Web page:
Rocket Girl #1 is a Fun and Beautifully Drawn Sci-Fi Tale

Rocket Girl #1

Writer: Brandon Montclare

Artist: Amy Reeder

Publisher: Image Comics

Rocket Girl #1 is yet another high concept Image book with great art. The basic premise is that a DaYoung Johansson, a sixteen year old NYPD policewomanReederGirl a 2013 with flying cars and futuristic technology is traveling back to the actual 1986 to take down Quintum Mechanics, a corporation guilty of “crimes against time”. This might sound like a bad ripoff of Back to the Future or Bill and Ted’s Excellent Adventure, but Brandon Montclare and Amy Reeder are committed to their protagonist, and the idea makes sense. Beneath all of its technobabble and teenage police commissioners chomping on cigars, Rocket Girl is a story about the conflict with idealism and realism combined with elements of the coming of age and superhero origin stories. Reeder uses different types of panels and subtle background details to create the world of Rocket Girl. Her colors also shed light on the conflict between idealism and realism that permeate the comic.

First and foremost, Rocket Girl is a fun book with a lot of humor and action. The funniest scene is a probably a 20 year old police commissioner (from the alternate 2013) talking about his pension to DaYoung and her partner Lashawn. There are mad scientists, flights through New York, and a sting operation outside an arcade with a gravity defying fight sequence. Montclare and Reeder throw lots of wacky ideas on the page, and most of those ideas stick. Generally, teenagers are less corrupt and more impressionable than adults so with the right type of technology, they could potentially make good police. This whole comic acts as metatextual commentary on what the writers and filmmakers of the 1980s thought the future would be like, and how it actually ended up. Hopefully, these ideas will continue to expanded upon throughout the series. The skipping in time and mystery about Quintum Mechanics can be a bit confusing, but Rocket Girl #1 reads like a pilot episode with these plot threads getting developed later.

Amy Reeder’s art for Rocket Girl #1 is both beautiful and unique. The characters she depicts have different faces, body types, and skin colors. Underneath their futuristic technology, they feel like every day people which gives the comic a strong emotional anchor from the beginning. With her pencils, inks, and colors, Reeder draws a powerful contrast between New York of alternate 2013 and New York of 1986. The city scenes are filled with little details and pop culture references that add layers to the world of Rocket Girl. For example, 1986 Times Square is a lurid mixture of pawn shops, arcades, peep shows, and brothels giving it a feeling of gritty realism that goes directly against DaYoung’s jetpack and wide eyed optimism. Reeder also adds to the humorous nature of the comic with beat panels and fun sound effects and reactions like DaYoung immediately passing out after traveling back to 1986.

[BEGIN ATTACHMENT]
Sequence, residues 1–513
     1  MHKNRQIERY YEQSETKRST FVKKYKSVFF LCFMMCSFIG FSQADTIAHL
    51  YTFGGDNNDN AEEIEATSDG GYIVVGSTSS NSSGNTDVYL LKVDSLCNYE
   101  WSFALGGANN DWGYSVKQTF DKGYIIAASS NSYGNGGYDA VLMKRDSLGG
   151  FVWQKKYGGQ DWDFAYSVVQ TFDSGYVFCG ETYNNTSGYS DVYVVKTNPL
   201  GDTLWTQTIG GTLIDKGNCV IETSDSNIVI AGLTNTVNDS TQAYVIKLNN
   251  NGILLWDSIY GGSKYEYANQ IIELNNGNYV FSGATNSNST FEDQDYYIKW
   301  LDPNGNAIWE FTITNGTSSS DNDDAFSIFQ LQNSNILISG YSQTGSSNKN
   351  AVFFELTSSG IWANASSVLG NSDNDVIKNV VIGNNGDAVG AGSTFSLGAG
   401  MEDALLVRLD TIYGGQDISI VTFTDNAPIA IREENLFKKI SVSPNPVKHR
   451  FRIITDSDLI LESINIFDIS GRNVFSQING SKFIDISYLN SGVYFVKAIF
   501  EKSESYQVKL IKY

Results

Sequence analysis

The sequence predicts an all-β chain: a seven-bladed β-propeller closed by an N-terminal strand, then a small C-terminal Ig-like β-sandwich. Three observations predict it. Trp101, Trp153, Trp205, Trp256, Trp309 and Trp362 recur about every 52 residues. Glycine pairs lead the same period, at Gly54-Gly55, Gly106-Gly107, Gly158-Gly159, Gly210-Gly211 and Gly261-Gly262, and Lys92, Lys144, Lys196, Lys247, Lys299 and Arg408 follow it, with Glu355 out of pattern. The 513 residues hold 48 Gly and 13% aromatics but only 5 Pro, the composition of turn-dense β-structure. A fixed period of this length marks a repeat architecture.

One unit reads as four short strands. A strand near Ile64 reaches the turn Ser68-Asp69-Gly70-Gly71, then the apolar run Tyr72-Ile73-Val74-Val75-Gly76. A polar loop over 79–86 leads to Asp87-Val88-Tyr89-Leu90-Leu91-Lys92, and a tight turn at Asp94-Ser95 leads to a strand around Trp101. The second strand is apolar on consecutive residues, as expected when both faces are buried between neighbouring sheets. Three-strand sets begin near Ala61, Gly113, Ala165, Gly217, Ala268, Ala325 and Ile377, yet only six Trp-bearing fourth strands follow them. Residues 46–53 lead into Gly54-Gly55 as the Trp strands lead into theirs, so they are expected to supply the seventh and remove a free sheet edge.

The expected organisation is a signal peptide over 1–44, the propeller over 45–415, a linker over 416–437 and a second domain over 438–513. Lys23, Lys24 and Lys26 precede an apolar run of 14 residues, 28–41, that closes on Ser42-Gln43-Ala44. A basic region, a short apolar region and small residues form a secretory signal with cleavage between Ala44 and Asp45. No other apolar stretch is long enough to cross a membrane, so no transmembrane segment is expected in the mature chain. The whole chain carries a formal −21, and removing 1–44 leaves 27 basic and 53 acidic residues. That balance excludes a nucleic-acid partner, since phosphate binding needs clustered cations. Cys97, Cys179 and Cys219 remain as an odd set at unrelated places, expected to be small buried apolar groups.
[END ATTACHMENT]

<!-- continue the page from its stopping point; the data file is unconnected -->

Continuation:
Rocket Girl #1 is a great mix of the sci-fi comedies and high concept films of the 1980s (Back to the Future, Bill and Ted, Blade Runner) with the darker superhero stories of that time like Batman Year One and Daredevil “Born Again”. Montclare and Reeder are influenced by the aesthetic of these stories, but  their ideas and characters aren’t retreads of them. Montclare gives DaYoung a unique voice through his caption boxes, and Reeder uses facial expressions and body posture to bring her to life. Rocket Girl #1 is one of the most fu beautiful comics of 2013 and has the ideas and characters to match.

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